PHUKET: Can you reel off the Seven Wonders of the World without looking them up?
The one we all remember is the Hanging Gardens of Babylon. Nothing to do with hanging baskets. The Babylon one was hanging because it rose to a great height, and its main plants were substantial trees, not municipal petunias or busy lizzies. It was described later as “a palace… with very high walls supported by stone pillars… replenished with all sorts of trees… in exact resemblance of a mountain country.”
Commissioned by King Nebuchadnezzar, apparently to console his wife who pined for her native forests, it is conjectured that some sort of screw system propelled water upwards from the river Euphrates in a massive feat of irrigation.
I only mention this wonder as a brief addendum to a recent piece about contemporary roof gardens (click here for article).
Nowadays – and this goes without saying – we have so many technical advantages over the ancient world. Pressured main’s supplies, water towers or powerful electric pumps ensure that the vital fluid can be delivered to a penthouse roof or even an elevated hotel garden. Moreover, we have the advantage of computerized irrigation systems which can ensure that every plant gets the moisture it needs.
Even so, few roof gardens can boast mature trees, even less a verdurous wonder on the scale of Babylon’s marvel. It just shows what can be done.
The most impressive roof garden of my acquaintance was in Kensington, London, at the time the largest of its kind in Europe. It occupied the top of a large department store, 100 feet (30 meters) above street level, and contained three themed areas.
One was a Spanish garden with Moorish arches, chusan palms and vine-covered archways in imitation of the Alhambra in Andalucia. The second traditional garden boasted roses, lavender and hanging wisteria. But the piece de resistance was a simulated English woodland, with over 100 trees (30 native varieties), and even a pond with pintail ducks. Interestingly, the whole project sat atop a meter of soil. Cultivating mature trees with substantial and deep root systems demanded nothing less. You can imagine how much reinforcement the roof required.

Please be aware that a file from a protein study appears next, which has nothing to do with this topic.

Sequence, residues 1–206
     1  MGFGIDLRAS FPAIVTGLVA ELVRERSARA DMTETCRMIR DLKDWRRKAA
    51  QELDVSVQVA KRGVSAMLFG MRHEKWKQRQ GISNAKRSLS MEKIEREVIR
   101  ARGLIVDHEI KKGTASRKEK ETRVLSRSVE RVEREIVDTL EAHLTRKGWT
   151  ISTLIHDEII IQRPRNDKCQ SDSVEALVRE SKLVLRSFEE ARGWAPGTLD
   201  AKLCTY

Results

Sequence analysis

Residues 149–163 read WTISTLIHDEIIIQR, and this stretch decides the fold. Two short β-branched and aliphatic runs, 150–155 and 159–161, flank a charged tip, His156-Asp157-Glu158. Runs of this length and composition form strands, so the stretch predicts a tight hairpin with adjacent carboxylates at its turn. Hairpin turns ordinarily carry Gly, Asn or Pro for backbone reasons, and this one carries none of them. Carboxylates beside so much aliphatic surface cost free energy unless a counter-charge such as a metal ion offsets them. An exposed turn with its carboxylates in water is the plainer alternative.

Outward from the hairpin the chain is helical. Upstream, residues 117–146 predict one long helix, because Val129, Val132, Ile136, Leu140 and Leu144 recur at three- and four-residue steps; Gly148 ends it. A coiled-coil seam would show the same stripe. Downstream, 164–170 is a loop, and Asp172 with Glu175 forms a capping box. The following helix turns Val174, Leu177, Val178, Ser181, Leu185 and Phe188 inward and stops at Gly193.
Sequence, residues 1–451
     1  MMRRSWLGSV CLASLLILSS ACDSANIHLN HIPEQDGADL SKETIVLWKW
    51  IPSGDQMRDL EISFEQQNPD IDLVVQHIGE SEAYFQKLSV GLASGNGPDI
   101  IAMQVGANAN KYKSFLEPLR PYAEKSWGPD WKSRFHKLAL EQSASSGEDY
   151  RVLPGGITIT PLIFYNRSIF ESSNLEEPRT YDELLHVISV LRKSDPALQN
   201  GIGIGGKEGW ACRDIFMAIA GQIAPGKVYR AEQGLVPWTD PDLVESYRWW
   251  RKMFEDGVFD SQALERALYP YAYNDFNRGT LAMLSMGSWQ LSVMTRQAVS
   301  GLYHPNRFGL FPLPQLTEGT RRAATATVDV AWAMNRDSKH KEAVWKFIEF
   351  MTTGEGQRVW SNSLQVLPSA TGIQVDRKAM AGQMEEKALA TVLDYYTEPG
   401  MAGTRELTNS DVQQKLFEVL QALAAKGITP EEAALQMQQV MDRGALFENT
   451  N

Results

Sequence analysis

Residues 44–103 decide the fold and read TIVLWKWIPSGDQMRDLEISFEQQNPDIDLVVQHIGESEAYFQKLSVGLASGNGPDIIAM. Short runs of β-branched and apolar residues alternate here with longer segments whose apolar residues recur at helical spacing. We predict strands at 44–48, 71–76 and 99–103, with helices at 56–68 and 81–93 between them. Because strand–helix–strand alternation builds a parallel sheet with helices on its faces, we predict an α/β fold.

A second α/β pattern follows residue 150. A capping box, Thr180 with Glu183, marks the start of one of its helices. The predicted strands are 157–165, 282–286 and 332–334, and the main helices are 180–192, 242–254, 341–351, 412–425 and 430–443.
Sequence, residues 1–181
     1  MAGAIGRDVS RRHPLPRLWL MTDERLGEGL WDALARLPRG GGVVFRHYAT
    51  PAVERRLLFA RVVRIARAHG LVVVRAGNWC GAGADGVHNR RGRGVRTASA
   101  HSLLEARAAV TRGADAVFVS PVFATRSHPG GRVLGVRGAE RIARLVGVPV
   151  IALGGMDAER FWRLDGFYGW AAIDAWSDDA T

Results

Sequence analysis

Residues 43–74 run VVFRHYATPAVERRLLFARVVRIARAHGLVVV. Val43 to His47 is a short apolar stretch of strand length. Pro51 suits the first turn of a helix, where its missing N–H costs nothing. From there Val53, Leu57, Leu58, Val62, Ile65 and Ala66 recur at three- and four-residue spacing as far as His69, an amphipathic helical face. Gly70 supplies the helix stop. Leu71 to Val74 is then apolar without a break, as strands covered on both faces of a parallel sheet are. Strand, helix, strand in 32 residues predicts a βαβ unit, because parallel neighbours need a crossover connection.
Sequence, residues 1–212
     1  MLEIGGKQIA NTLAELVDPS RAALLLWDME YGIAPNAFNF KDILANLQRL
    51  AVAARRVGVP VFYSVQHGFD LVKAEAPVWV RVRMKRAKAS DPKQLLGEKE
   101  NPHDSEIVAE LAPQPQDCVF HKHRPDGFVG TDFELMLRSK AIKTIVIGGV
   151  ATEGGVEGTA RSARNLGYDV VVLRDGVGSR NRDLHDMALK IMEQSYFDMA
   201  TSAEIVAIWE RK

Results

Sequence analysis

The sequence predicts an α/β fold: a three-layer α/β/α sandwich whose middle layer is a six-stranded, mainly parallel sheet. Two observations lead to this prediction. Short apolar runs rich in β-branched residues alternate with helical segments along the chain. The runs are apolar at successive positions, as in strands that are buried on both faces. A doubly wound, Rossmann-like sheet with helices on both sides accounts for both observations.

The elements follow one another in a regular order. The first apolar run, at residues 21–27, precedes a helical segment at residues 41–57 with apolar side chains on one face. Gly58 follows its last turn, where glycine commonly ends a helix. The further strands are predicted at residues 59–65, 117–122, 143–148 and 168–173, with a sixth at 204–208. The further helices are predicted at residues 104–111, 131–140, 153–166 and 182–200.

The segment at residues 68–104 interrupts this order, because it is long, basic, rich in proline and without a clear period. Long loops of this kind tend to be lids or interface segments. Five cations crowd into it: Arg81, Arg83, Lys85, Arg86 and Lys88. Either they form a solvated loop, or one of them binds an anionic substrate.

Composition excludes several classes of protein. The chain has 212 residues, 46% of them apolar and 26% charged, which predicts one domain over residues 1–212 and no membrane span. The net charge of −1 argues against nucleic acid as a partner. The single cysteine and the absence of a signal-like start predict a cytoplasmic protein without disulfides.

On a more intimate note. Every gardener has their pet project, even if they are usually at ground level.
I recently visited a superb garden in Cherng Talay. Two rai (3,200 m2) of manicured lawns with specimen royal palms. The owner’s dilemma was how to render his garden more private, since the area beyond was being “developed” and he wanted to avoid being overlooked by a new neighbor. Interestingly, the development company had decreed that only a green fence must separate the terraced areas.
A laudable idea and one that should be copied. But the bank which separated each plot was steep – maybe 30 degrees – and there could be no retaining wall below to prevent water loss and soil erosion. To compound the problem, the soil was the usual Phuket mix of coarse sand and brittle clay.
What our friend had done was to create, after the manner of Gertrude Jekyll’s herbaceous borders, a graduated green screen with larger trees including palms and champacas behind, then a layer of substantial shrubs and finally ground plants near the front border. In general, the scheme was working well, though a large bread fruit tree had died, the heliconias were parched, and there were visible gaps. Some of the background palms had sparse fronds, but smaller yellow cane (dypsis) and dense lady palms (rhapis) provided plenty of cover.
An additional array of evergreen shrubs such as murraya, hamelia, fast-growing duranta or bushy shefflera would help when the owner extends his green screen. That is something he plans to do once he discovers what his neighbor intends. Certainly, more compost or top soil will need to be applied, if only to help the roots retain precious moisture and nutrients.
Watch this space.
Tip of the week – Verdant screens
Container plants are an easy and movable way of screening unsightly objects. You need plants that will put on height quickly, and yet will adapt to life in a large pot. A bit of a contradiction since most container plants are naturally slow-growing.
Good choices include my personal preference, Plumeria luxon. That’s the Plumeria with a very upright habit, and bright green leaves that look like arrow flights. The fragrant white flowers are produced at the ends of the long stems. I use mine to blot out a plastic water tank that my neighbor unceremoniously plonked next to my garden wall. It grew six feet in a year.
Other sensible choices include non-woody Cordylines (though their sparse reddish foliage will sprout near the apex of the plant, and Dracaenas (corn plants) which are quicker off the mark and have lusher leaves. A much denser, bushier alternative is Schefflera which has glossy, variegated foliage.
If you have a question, or a garden that you would like featured, you can email the author here.
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